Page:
It is becoming increasingly evident in the Middle East that our approach to tourism must be adjusted to take environmental and social concerns into account. There are numerous approaches: there is the Egyptian way, which is to encourage as many tourists as can squeeze between the country’s monuments, to the detriment of various local communities, there is Jordan’s new combination of tourism and conservation, or Lebanon’s carbon-free city tours. To discuss the sustainability of its tourism industry, Abu Dhabi is hosting the three day World Green Tourism conference commencing 22 November, 2010.
According to Maey el Shoush with The National, 3,000 concerned government officials, industry leaders, and leading academics will attend the function in order to consider the future of tourism.
And there is good reason. Citing the World Tourism Organization, el Shoush writes that 60% of the world’s ecosystems are threatened by tourism traffic. This has caused local officials to pause and reevaluate, as well as to instill rigorous environmental protection measures.
Mr. Oisin Commane, the Group Director of the Streamline Marketing Group:
Abu Dhabi Tourism Authority [ADTA] is taking this initiative very seriously and setting strict environmental rules in the sector… Sustainability is not about the environment alone, it encompasses other important factors.”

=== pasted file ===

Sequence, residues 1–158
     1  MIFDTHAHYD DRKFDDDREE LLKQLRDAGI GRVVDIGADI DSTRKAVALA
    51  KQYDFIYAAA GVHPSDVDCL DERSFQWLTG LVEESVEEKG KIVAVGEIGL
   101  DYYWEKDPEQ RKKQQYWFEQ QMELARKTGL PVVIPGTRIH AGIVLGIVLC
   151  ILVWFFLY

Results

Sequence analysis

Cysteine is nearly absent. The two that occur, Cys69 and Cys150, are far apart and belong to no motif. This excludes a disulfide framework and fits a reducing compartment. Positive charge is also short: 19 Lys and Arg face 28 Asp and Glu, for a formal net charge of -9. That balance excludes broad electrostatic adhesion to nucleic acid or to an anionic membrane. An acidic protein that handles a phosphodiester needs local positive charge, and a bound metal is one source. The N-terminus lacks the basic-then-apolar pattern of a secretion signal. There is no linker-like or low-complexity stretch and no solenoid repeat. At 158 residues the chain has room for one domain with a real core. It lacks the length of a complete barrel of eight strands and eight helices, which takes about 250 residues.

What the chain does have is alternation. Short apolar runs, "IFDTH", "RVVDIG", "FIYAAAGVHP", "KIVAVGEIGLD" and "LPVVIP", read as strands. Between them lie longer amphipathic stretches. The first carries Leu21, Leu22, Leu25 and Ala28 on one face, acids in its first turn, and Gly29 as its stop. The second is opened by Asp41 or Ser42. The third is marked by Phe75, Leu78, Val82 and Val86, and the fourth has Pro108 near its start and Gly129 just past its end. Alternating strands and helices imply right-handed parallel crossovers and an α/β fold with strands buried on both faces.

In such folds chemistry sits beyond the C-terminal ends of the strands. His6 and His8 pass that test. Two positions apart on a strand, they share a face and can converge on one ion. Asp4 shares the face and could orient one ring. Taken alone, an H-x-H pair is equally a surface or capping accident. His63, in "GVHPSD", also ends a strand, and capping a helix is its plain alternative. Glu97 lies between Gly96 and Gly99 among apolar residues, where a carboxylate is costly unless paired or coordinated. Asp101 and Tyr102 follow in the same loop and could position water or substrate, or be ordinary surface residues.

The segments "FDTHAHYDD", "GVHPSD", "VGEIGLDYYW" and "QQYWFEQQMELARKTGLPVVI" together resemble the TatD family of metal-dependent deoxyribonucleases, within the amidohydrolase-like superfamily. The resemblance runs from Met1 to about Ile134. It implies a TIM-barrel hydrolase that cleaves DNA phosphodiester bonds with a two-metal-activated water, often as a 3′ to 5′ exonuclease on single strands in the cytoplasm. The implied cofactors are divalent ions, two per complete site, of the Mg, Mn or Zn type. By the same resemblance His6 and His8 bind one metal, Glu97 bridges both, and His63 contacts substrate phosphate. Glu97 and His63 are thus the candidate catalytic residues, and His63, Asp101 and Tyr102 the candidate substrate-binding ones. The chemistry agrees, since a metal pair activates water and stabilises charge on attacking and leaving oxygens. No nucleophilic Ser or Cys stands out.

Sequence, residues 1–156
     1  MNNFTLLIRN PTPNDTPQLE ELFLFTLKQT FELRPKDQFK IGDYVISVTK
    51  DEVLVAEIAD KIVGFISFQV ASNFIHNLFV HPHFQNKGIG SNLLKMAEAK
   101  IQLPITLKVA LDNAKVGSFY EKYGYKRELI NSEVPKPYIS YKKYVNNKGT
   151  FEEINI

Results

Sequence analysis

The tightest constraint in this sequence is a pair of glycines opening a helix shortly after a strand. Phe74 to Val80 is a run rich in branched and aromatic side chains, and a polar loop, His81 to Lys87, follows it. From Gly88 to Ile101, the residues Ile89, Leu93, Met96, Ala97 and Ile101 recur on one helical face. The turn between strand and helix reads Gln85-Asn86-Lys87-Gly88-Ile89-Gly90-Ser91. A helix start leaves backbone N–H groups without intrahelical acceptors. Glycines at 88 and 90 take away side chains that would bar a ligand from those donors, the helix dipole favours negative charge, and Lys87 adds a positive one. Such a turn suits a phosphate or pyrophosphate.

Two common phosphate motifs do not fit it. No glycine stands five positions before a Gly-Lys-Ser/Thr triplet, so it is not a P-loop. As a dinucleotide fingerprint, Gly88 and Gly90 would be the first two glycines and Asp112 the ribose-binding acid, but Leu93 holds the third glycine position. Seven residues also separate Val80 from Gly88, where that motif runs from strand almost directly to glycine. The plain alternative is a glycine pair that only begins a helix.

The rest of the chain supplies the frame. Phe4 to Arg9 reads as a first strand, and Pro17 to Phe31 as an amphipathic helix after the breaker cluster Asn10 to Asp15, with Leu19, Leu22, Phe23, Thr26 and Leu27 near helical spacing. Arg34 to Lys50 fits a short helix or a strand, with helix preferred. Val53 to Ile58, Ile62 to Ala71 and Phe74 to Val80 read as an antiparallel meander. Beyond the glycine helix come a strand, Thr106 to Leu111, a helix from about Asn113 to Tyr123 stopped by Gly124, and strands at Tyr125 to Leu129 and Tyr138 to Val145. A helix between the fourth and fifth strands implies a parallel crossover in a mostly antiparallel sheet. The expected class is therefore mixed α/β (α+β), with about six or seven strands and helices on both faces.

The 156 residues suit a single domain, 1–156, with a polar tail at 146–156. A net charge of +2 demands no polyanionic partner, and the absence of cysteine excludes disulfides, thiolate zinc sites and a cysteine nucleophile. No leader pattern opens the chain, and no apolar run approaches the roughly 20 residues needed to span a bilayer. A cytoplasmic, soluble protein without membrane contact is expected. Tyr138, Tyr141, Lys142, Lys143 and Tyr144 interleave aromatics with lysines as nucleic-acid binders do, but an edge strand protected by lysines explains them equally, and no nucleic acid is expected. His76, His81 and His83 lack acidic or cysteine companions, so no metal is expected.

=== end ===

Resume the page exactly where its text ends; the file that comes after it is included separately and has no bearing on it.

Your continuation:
Those other factors include the socio-economic health of the communities being impacted by tourism traffic, including whether jobs are being created.
In an effort to increase transparency, the Global Reporting Initiative gave Abu Dhabi’s tourism industry a B-grade, meaning that it is one step below full disclosure.
“This report acts as a baseline from which our annual performance will be measured and presented,” said Sheikh Sultan bin Tahnoon Al Nahyan, the chairman of ADTA.
As such, Abu Dhabi will add several new programs aimed at improving their sustainability: green hotels, risk management assessments, and a Health, Safety and Environmental department, according to el Shoush.
All of these initiatives are said to take into consideration the tourist’s growing interest in ecologically-conscious travel.
:: The National
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